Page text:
Bernstein, who was 21 that first summer (he would turn 22 a week after the final concert on August 18), was already making a special impression even among such august company. He was given the honor of conducting the first piece, Copland’s An Outdoor Overture, in the Shed in the very first edition of “Tanglewood on Parade”, a special event that was given as a benefit for the Allied Relief Fund. It began with a half hour of simultaneous performances in the three spaces, included a gala concert in the Shed that featured prominent guest performers (violinist Albert Spalding, bass-baritone Alexander Kipnis and cellist Gregor Piatigorsky), choruses from Bach’s Mass in b minor and the Hallelujah Chorus from Handel’s Messiah, and concluded with Arthur Fiedler conducting the Boston Pops in Strauss waltzes to accompany a fireworks display.

In 1948, Bernstein joined the conducting faculty alongside Copland. In 1990, fifty years to the month after his auspicious performance of his mentor’s overture, he conducted what turned out to be his final concert, less than two months before his death.

Because it played such an important role in his life, Tanglewood naturally played an important role in last year’s Bernstein sort-of biopic Maestro. Several scenes were shot there, with no modification required since it largely looks the same as it did 80 years ago! That’s a good illustration of Tanglewood’s timeless quality: the place stays the same, but its tradition has always been to foster creativity and innovation, creating a stable environment for constant change.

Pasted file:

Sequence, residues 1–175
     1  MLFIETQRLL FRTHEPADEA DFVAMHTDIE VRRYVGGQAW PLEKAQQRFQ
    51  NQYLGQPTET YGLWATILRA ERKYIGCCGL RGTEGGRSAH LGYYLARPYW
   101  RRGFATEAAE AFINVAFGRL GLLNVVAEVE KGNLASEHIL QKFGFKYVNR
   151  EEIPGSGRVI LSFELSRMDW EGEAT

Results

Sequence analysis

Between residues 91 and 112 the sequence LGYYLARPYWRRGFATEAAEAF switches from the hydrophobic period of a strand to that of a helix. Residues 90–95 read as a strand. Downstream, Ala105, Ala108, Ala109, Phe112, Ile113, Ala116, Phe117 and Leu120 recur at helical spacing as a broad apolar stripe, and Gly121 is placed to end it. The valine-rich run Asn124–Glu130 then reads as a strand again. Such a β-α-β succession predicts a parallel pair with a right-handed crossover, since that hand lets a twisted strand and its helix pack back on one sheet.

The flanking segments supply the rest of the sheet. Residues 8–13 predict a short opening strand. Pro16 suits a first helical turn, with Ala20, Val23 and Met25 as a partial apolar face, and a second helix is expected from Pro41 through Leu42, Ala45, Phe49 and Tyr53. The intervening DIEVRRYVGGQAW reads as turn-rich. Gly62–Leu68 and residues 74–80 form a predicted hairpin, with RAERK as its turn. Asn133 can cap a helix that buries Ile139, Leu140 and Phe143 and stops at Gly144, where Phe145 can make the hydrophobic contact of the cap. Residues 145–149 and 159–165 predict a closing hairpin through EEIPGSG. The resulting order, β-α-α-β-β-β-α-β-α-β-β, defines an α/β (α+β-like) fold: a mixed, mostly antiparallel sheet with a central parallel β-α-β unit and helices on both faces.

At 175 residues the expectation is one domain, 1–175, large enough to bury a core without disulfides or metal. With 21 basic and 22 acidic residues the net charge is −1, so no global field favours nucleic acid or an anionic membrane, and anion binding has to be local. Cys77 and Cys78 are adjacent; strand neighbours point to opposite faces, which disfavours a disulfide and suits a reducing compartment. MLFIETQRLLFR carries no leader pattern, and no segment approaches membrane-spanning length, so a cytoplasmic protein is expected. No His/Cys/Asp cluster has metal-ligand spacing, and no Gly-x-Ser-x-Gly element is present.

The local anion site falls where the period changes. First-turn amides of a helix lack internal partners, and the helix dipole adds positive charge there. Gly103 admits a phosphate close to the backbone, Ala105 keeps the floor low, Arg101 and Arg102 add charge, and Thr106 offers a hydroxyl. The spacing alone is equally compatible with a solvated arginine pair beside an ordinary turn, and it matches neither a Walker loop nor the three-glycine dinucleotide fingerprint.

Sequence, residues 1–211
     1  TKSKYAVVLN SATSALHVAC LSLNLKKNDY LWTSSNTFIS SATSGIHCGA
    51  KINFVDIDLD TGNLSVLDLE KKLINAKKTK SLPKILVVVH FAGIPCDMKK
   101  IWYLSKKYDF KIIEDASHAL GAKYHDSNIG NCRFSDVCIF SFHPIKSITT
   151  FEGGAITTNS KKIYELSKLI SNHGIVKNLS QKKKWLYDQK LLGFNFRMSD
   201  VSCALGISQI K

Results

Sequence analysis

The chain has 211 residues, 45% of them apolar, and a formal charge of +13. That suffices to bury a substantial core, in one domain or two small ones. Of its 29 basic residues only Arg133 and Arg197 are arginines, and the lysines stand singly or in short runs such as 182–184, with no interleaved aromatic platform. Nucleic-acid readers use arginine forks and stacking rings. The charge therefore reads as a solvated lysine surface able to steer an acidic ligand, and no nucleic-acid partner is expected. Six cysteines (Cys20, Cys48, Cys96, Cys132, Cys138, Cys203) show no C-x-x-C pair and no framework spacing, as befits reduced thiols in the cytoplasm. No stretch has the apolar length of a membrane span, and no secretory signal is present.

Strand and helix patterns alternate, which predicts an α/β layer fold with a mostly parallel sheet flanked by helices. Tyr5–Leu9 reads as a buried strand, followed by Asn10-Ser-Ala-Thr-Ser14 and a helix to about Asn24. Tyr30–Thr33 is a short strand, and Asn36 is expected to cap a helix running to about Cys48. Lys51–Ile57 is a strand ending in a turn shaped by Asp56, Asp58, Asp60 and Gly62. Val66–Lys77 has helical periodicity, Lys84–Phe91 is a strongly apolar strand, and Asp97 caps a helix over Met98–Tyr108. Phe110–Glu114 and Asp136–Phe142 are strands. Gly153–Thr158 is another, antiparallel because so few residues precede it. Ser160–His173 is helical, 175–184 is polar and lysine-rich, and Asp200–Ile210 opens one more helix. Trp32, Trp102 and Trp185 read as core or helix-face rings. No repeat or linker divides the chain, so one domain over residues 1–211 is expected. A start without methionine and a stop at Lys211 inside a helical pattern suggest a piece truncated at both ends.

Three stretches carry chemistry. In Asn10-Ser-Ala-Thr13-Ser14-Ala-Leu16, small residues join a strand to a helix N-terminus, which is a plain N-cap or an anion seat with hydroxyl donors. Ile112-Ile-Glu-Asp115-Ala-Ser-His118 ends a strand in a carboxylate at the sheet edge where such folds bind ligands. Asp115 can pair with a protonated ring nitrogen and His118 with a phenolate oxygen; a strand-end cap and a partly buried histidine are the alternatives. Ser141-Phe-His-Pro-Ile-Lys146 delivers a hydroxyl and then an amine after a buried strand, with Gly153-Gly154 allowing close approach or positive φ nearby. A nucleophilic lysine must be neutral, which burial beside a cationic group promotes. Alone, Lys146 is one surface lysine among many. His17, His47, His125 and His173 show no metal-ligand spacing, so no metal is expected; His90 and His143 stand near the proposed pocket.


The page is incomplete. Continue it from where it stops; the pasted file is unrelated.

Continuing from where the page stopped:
This year’s Tanglewood on Parade reflects this balance of the old and new and the direction of the festival as a whole. It’s now an all-day affair, beginning at 2 pm, and features several works by living composers like Caroline Shaw and Valerie Coleman alongside popular favorites like Gershwin’s Rhapsody in Blue and Tchaikovsky’s 1812 Overture, and still ends with fireworks. This year’s edition is a tribute to the late Seiji Ozawa, who conducted the Boston Symphony for 29 years and whose history with Tanglewood rivals Bernstein’s for its longevity; the program will include a new piece by John Williams written for the occasion called For Seiji!